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Simple Slot API for React

Once you get started building components in React, they start out fairly simple or very specific to a feature. As you continue constructing your interfaces, patterns emerge and there's a need for more generalized, flexible components. You may stumble upon the term "compound components" through some very informative articles like this one from EpicReact.dev. To author compound components at work and for personal projects, I use an approach inspired by the slot element from the Web Component spec.

If you haven't heard of the slot element:

a placeholder inside a web component that you can fill with your own markup, which lets you create separate DOM trees and present them together.

MDN HTML elements reference <slot>

There is a more in-depth tutorial here: https://developer.mozilla.org/en-US/docs/Web/Web_Components/Using_templates_and_slots#adding_flexibility_with_slots

This sort of composability is great when building structural components, like layouts, that should be very flexible about their content but want more control over placement of that content. In React, props could certainly be used, however the readability of JSX is hindered when passing large blocks of context through props.

In the past, I've enabled this kind of flexibility with static child component connected to a parent:

import React from 'react';

type MyLayoutComponent = React.FC & {
Header: React.FC;
Body: React.FC;
Footer: React.FC;
}

const MyLayout: MyLayoutComponent = ({ children }) => {
const [header, body, footer] = React.Children.toArray(children);

// place elements as needed
}

MyLayout.Header = ({ children }) => <>{children}</>;
MyLayout.Body = ({ children }) => <>{children}</>;
MyLayout.Footer = ({ children }) => <>{children}</>;

The above approach relies on the person using MyLayout to know the correct ordering of the child components. Repeating this pattern in other components would be tedious and lead to drift as each component author tries a different take.

Here is a simple but conventional implementation of a Slot component with an associated helper function:

import React from 'react';

export interface SlotProps {
name: string;
}

export const Slot: React.FC<SlotProps> = ({ children }) => <>{children}</>;

export function getSlots(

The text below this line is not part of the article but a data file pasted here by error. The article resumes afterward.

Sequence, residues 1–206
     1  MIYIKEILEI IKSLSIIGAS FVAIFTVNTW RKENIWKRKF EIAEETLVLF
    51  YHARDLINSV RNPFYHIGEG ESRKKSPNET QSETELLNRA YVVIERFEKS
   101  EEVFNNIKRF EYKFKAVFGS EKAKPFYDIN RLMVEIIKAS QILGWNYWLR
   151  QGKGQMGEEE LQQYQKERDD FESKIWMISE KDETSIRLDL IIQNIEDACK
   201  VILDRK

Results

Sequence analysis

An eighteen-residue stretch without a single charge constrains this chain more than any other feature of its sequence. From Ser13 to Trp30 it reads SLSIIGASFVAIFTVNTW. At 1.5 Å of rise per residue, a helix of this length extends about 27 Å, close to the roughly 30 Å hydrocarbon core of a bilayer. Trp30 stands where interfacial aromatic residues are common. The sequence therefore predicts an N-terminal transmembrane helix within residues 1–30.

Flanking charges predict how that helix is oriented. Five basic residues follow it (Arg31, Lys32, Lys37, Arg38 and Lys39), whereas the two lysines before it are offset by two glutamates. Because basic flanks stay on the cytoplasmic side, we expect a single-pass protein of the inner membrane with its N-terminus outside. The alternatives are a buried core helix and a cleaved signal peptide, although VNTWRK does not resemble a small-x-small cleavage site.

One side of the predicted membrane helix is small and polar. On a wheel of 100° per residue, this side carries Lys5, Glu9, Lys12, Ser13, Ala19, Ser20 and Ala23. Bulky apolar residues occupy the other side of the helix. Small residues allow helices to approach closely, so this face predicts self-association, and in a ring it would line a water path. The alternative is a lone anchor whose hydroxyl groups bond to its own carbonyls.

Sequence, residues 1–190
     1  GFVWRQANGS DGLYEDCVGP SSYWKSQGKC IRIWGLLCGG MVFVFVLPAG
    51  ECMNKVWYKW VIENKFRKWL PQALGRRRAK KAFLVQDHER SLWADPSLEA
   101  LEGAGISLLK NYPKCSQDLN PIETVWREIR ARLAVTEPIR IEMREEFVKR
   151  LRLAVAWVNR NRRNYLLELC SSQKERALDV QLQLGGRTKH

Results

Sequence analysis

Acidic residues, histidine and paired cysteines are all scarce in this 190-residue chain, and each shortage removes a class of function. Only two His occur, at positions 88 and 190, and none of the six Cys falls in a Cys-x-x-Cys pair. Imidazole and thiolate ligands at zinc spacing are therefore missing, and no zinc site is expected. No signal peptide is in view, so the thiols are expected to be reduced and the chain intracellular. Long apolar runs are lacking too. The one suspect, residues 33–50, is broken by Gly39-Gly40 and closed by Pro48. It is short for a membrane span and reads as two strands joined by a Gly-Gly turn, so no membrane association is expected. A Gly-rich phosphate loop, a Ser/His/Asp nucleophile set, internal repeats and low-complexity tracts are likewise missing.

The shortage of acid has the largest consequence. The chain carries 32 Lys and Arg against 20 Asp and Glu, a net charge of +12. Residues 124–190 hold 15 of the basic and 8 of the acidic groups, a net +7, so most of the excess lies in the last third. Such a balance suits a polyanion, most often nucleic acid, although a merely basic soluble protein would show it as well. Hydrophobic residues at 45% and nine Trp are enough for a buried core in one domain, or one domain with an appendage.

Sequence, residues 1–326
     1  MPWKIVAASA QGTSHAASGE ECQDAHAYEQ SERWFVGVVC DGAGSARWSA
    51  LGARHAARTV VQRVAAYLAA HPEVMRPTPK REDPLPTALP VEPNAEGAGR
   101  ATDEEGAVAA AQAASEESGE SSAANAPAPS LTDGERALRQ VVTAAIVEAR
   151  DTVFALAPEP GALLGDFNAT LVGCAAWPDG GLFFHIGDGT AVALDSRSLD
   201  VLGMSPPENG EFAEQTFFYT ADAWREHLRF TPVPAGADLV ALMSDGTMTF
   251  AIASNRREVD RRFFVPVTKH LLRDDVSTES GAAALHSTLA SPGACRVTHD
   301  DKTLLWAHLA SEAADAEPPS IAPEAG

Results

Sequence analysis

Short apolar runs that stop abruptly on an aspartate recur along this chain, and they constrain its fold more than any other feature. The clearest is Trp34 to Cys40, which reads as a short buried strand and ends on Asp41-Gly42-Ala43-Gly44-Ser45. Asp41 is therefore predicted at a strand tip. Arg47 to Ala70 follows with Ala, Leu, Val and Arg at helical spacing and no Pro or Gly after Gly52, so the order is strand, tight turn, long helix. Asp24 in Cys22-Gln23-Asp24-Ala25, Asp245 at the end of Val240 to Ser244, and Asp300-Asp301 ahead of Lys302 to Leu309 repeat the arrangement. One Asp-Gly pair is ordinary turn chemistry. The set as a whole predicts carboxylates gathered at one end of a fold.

names: string[],
children: React.ReactElement | React.ReactElement[] | React.ReactNode | React.ReactNodeArray

): Array<React.ReactElement | null> {
return names.map(name => {
let slot = null;
React.Children.forEach(children, child => {
if (!React.isValidElement(child)) {
return;
}
if (child.type === Slot && (child.props as SlotProps).name === name) {
slot = React.cloneElement(child);
}
});
return slot;
});
}

As you can see, the Slot component itself is basically a wrapper object to expose a name prop for use in the getSlots function. Using this API to the earlier MyLayout component would look like the following:

import React from 'react';
import { getSlots, Slot } from './Slot';

const MyLayout: React.FC = ({ children }) => {
const [header, body, footer] = getSlots(['header', 'body', 'footer'], children);

// place elements as needed
}

// usage

<MyLayout>
<Slot name="header">Hello World</Slot>
<Slot name="body"></Slot>
<Slot name="footer"></Slot>
</MyLayout>

If we wanted to provide stronger type feedback for available slot names:

import React from 'react';
import { getSlots, Slot } from './Slot';

type MyLayoutSlot = React.FC<{ name: 'header' | 'body' | 'footer' }>;

type MyLayoutComponent = React.FC & {
Slot: MyLayoutSlot;
};

const MyLayout: MyLayoutComponent = ({ children }) => {
const [header, body, footer] = getSlots(['header', 'body', 'footer'], children);

// place elements as needed
}

MyLayout.Slot = Slot as MyLayoutSlot;

Even with the slight overhead of adding a static Slot child, the authoring and usage of the new API provides an arguably better experience than the approach of three different static child components. There is no need to worry about ordering and any unused slot will default to null, thus rendering nothing. When comparing it with the slot API for Web Components, it reverses the roles for the sake of discoverability and type-safety; since the <slot> is used in the component template to author the slotted areas, and a slot attribute is used to set the slotted content when using the component.

As mentioned before, the Slot component is a convenient feature for providing flexibility with control over placement of content. There is still a case for using static child components to provide styling or functionality through association without carrying about placement (maybe more on that in a future post).

Maybe this feature will be built into React one day, like it is for Vue and Svelte. Until then, I hope this solution helps you as much as it has helped me.